Many forget that in the months before the 2014 referendum, the long summary of MacCormick vs the Lord Advocate (1953) was quietly reclassified as not to be seen by the general public for another 70 years. John MacCormick and Ian Hamilton lost their case as the ruling stated that the regnant number of a monarch is a matter of royal prerogative which perhaps led the Lord President of the Inner Court, Lord Cooper of Culross, to note: “the principle of unlimited sovereignty of Parliament is a distinctively English principle and has no counterpart in Scottish constitutional law”.
Only the short summary was published and since the UK Government has decided we cannot read in more detail why it was decided that MacCormick and Hamilton did not have title to sue the Crown we are left to speculate which, in itself, can only lead to the claims of merit for a monarchy being lost among other arguments. What is beyond argument is that her official title here in Scotland is not ‘Queen’ but Duchess of Balmoral and that it is by the English convention of royal prerogative alone that Elizabeth gets to be called Queen in Scotland. Given that the mastheads on official government documents were changed subsequent to the ruling, Elizabeth has no right to be officially known as ‘Queen Elizabeth II’ which stands to reason given that Scotland has never previously had a queen by that name.
Why is this quibble about numbers, names, and titles important? Firstly, Elizabeth has reportedly abused conventions extended to the monarch to protect her private property as a private landowner. Secondly, there was no coronation ceremony in Scotland and our monarchs rule only by consent – and constitutionally speaking, it’s been that way for over 700 years. How could we have given consent or indeed, withheld it?
We may not have a parliament at the time but we had a petition.
John MacCormick was no slouch and puts the current leadership of the SNP to shame: despite having resigned from the party in 1942 having failed to persuade the membership to adopt a devolutionist stance, he set up the Scottish Covenant Association in 1951, a non-partisan group which campaigned to secure the establishment of a devolved Scottish Parliament. In 1952, around 2 million Scots journeyed from all around the nation – no small feat in those days – to sign a petition to this effect.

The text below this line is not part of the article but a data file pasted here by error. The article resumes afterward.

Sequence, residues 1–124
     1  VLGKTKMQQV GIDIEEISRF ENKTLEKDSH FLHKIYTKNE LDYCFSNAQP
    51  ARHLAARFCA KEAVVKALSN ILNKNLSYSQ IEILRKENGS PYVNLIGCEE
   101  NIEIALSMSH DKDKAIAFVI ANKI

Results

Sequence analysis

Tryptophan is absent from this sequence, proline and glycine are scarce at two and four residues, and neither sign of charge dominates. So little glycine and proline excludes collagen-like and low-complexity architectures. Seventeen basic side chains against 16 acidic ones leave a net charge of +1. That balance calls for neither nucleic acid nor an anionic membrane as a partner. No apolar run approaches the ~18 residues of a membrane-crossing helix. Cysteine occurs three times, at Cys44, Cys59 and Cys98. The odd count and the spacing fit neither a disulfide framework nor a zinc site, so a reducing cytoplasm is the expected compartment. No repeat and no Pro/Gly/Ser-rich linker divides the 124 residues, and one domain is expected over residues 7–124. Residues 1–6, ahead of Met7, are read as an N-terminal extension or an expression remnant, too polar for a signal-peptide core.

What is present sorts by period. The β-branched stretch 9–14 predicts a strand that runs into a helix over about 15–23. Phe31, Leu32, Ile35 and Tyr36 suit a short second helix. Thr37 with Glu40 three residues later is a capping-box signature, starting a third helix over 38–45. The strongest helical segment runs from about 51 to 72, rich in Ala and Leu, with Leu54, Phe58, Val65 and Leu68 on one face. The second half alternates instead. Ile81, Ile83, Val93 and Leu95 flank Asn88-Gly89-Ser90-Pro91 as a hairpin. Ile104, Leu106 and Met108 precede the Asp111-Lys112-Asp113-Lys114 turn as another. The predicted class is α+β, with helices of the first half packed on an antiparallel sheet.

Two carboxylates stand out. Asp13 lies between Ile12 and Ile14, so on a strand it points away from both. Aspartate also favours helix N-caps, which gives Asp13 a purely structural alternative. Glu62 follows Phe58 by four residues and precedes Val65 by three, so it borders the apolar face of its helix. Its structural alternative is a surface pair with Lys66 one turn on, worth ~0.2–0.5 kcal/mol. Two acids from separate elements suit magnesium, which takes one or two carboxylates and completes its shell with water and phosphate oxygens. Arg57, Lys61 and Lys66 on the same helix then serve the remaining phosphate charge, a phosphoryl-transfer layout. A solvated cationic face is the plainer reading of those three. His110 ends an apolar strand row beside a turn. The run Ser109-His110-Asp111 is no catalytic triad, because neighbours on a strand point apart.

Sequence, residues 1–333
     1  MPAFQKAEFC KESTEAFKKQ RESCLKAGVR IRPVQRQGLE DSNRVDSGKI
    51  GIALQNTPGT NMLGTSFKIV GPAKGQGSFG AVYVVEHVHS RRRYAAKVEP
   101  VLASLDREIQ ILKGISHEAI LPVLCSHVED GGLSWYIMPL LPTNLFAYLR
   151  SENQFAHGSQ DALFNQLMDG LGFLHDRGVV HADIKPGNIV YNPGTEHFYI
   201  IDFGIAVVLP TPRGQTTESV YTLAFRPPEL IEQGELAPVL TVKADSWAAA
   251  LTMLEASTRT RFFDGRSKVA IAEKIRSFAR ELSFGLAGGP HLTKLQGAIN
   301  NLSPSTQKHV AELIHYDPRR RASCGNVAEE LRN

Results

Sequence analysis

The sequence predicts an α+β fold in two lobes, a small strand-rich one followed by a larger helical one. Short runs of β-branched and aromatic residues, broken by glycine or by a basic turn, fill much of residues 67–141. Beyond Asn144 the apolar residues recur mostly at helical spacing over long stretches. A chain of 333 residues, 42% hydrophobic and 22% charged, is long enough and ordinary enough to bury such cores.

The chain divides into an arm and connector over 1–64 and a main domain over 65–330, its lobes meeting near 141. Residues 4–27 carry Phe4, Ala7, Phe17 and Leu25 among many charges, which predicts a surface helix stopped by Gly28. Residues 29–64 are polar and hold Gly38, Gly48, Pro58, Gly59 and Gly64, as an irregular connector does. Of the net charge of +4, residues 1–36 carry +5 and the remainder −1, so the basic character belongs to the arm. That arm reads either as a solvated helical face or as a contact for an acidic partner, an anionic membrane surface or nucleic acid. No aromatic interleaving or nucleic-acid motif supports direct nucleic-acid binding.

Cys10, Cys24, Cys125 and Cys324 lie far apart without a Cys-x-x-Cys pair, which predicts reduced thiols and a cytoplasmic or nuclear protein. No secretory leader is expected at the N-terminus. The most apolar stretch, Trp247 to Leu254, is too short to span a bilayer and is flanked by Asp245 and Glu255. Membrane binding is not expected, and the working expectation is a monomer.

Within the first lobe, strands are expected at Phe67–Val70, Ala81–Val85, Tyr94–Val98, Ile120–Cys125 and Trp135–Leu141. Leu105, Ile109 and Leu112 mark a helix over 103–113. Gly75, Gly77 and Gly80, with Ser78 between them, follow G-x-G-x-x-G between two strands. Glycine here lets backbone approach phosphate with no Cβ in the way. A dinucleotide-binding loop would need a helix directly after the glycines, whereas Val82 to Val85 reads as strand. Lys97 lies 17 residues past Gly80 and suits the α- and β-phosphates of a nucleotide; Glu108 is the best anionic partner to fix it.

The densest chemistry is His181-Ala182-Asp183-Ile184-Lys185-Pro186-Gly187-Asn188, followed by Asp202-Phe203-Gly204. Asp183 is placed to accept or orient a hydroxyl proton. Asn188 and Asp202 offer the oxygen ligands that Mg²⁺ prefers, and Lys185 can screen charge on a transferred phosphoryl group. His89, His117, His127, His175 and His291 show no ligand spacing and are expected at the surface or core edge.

When, on 24 June 1953, Elizabeth deigned to bestow her presence on the Scots, she stopped by Edinburgh long enough to touch the Honours of Scotland – including the oldest royal crown in these islands – with gloved hands (photo above) while wearing daywear and only then, after being repeatedly invited to do so by the Dean of St Giles Cathedral.
Whatever your view of the monarchy, Elizabeth is not going to live forever. But we do now have a parliament and it’s reasonable to suppose that this is the mechanism by which we Scots will be judged to have given our consent to her son when Charles comes to pulling on his mother’s ermine bonnet and coat and looking to call himself Henry IX (because looking at what happened to the first king called Charles, why would you tempt fate?).
When the vote and the requirement for MSPs to take a pledge to an unwanted monarch are required, will there be the representation in their parliament with the numbers – or spine – to say ‘no’ ? Or we will remain trapped in a loveless union, married to a feudal system of rule? As it stands, in the thinking and planning of the London elite, we – and our nation – are as the Roman invaders found our Caledonian forebears: a nothing to be ridden over with contempt.
Continuing reading this series